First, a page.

The guide contains twenty-four design patterns that are useful in cloud-hosted applications. Each pattern is provided in a common format that describes the context and problem, the solution, issues and considerations for applying the pattern, and an example based on Microsoft Azure. Each pattern also includes links to other related patterns.
The design patterns are allocated to one or more of the following eight categories: availability, data management, design and implementation, messaging, management and monitoring, performance and scalibility, resiliency, and secuity.
Load data on demand into a cache from a data store. This pattern can improve performance and also helps to maintain consistency between data held in the cache and the data in the underlying data store.
For more info, see the Cache-aside Pattern.
Handle faults that may take a variable amount of time to rectify when connecting to a remote service or resource. This pattern can improve the stability and resiliency of an application.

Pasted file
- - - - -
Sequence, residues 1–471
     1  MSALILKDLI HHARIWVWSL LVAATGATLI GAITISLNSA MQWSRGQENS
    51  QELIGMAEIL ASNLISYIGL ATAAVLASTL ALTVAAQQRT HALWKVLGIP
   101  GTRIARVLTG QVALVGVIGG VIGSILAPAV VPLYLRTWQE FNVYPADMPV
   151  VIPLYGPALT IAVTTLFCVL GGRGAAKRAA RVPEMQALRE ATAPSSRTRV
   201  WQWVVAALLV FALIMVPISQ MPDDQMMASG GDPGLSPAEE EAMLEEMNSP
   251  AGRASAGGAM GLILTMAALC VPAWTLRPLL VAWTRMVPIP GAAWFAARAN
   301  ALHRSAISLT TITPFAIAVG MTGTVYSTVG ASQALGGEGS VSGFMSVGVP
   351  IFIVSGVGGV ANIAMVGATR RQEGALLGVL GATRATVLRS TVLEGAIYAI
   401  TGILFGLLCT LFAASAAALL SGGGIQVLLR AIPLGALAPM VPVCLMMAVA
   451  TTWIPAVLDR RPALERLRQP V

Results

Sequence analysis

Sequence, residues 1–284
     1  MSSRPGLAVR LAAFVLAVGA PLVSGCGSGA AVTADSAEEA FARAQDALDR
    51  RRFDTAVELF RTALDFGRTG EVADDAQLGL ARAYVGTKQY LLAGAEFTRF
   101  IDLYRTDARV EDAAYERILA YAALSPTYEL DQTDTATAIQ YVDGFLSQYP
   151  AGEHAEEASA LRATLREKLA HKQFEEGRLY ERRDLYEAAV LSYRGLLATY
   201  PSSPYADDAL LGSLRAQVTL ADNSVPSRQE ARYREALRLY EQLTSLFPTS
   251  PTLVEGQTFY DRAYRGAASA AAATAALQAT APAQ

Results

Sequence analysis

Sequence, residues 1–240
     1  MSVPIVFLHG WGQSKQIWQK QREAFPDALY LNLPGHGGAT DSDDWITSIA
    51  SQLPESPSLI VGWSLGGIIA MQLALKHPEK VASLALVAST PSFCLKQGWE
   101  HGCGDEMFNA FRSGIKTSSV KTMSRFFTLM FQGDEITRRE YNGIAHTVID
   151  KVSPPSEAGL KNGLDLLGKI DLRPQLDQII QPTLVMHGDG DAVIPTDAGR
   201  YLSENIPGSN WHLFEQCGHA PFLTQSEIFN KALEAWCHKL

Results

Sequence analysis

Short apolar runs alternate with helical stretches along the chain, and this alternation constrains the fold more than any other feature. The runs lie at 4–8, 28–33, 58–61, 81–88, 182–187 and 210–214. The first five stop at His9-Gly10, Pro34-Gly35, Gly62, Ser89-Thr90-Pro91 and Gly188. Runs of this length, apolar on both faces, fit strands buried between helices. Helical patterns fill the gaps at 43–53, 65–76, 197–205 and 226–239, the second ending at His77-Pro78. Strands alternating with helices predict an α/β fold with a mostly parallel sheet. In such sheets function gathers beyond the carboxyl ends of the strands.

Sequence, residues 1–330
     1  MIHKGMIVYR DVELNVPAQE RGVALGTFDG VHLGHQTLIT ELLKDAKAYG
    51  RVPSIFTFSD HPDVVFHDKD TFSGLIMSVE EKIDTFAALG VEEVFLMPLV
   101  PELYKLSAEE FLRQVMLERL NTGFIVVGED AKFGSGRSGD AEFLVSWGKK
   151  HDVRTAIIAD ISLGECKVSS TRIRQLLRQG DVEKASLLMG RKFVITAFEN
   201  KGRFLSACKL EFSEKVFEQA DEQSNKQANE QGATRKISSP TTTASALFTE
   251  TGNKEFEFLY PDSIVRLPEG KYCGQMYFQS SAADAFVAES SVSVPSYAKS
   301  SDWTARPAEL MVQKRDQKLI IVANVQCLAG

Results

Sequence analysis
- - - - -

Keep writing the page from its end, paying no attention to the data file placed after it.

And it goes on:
For more info, see the Circuit Breaker Pattern.
Undo the work performed by a series of steps, which together define an eventually consistent operation, if one or more of the operations fails. Operations that follow the eventual consistency model are commonly found in cloud-hosted applications that implement complex business processes and workflows.
For more info, see the Compensating Transaction Pattern.
Enable multiple concurrent consumers to process messages received on the same messaging channel. This pattern enables a system to process multiple messages concurrently to optimize throughput, to improve scalability and availability, and to balance the workload.
For more info, see the Competing Consumers Pattern.
Consolidate multiple tasks or operations into a single computational unit. This pattern can increase compute resource utilization, and reduce the costs and management overhead associated with performing compute processing in cloud-hosted applications.
For more info, see the Compute Resource Consolidation Pattern.